Just in time Only slightly late for 💖 Valentine’s Day! 💖
Monsterhearts 2 is the second edition of Avery Alder’s1 Monsterheartsroleplaying game. As you might guess from the title, this RPG lives in the intersection of teen romance and horror. Not limited to the usual issues presented by puberty, this game has extra issues galore! The player characters in this storytelling game are (almost all) literal monsters, transformed by circumstance and magic into strange new forms.
Despite which, they are still expected to attend high school.
People of my vintage do not appear to be the target market for this game, although we could certainly play it. Not everything is meant for us! The text strongly suggests that this is for people the same age or perhaps a bit older than the characters2. Which isn’t going to stop me from reviewing the game.
Monsterhearts 2 is one of the many, many RPGs to emerge from the Powered by the Apocalypselineage. This diversity is driven by PbtA’s straightforward, flexible game mechanics, which can be and have been adapted to a wide range of genres. Key to each game is purpose-designed “skins,” character classes by another name.
In the case of Monsterhearts 2, each skin save one is a different kind of monster, each with their own special strengths and weakness. The single non-monstrous skin is the Mortal, with the Queen—technically baseline human but with disturbing levels of charisma—as an interesting edge case. Each skin has a Darkest Self specific to that skin, an unpleasant manifestation of worse impulses that can emerge in moments of stress.
RPGs have explored the theme of beings struggling with their inner monster before—hello, White Wolf Games—but Monsterhearts 2 complicates the beings’ situation by making them hormone-addled teenagers. Not only do they have to come to terms with being a ghoul, or a ghost, or a vampire, but on top of that, they have to wrestle with sexuality and romance (or absence: this edition includes asexual and aromantic characters). The potential permutations are vastly expanded by the game’s rejection of narrow heteronormative standards. It’s the stuff of heartbreak and drama!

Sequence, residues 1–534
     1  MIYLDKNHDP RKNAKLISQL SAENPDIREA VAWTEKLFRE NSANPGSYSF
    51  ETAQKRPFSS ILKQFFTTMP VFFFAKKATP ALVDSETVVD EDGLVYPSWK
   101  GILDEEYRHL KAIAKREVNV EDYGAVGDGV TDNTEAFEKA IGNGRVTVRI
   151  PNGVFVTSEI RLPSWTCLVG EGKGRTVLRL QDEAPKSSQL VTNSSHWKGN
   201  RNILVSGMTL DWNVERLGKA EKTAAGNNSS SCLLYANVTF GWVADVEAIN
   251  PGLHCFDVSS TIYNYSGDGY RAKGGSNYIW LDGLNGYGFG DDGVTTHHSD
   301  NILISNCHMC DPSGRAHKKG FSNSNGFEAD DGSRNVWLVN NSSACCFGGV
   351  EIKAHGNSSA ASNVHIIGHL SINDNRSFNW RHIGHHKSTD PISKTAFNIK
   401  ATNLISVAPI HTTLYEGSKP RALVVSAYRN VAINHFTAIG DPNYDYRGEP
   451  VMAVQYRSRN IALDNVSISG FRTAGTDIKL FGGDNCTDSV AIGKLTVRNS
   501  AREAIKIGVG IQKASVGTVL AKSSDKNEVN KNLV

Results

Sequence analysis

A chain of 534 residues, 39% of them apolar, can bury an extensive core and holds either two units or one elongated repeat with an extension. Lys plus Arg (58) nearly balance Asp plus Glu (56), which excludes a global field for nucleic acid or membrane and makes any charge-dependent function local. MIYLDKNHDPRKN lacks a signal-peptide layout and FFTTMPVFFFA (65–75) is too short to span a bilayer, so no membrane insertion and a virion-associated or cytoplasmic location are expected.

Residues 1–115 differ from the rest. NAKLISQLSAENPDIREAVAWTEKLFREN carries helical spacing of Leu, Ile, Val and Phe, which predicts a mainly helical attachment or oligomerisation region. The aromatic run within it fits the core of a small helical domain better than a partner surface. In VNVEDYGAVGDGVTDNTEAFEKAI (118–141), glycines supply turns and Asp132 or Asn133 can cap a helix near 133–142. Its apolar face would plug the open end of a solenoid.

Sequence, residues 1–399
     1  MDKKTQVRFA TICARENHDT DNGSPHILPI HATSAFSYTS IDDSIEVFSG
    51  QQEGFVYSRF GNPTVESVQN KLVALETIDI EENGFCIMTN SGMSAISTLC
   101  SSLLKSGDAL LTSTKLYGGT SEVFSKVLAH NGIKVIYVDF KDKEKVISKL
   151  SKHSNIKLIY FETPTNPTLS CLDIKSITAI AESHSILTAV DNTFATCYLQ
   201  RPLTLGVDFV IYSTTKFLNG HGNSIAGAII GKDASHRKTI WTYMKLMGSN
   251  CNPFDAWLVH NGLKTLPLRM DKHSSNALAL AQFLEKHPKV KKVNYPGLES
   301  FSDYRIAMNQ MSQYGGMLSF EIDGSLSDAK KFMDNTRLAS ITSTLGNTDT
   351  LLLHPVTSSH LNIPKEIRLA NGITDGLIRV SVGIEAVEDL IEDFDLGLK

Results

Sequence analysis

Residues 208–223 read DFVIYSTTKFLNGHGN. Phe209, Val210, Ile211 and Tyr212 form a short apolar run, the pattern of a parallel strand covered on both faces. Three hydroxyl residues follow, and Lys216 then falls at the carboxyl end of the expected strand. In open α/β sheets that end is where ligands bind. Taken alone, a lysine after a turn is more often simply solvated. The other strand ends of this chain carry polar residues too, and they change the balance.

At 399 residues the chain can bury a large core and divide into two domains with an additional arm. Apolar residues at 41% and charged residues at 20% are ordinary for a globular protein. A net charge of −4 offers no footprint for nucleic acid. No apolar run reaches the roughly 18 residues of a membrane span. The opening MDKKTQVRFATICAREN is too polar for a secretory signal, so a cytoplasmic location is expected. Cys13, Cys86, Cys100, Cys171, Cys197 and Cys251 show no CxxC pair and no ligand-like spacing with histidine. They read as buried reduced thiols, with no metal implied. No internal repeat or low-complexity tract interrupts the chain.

It’s very nicely done. Alder’s art is atmospheric, reminiscent (to my untrained eye) of Tim Bradstreet. The mechanics seem functional, and although the rulebook is comparatively short at 175 pages, the author manages to fit in a lot of campaign advice (as well as a short index3). The text does its best to steer gamemaster and players past the inherent pitfalls of a game like this and towards entertaining drama.
If you want more, here is more.
Chapter One: How the Game Works
More or less a mission statement for the game, providing some history leading up to its development and the purpose for which it was designed, before launching into an explanation of the core game mechanics.
This game is queer, meaning that it pushes back against the heterosexist framework that underlies so many of our culture’s stories. When you play, you contend with all the chaotic (possibility) and uncertainty of desire.
The four guiding principles are:
Make each main character’s life not boring, keep the story feral, say what the rules demand, and say what honesty demands
For the most part, the meaning is clear. Keep the story feral means allowing the storylines to develop organically rather than trying to railroad players or plot threads. Kids these days! We were perfectly content with “no blocking!4”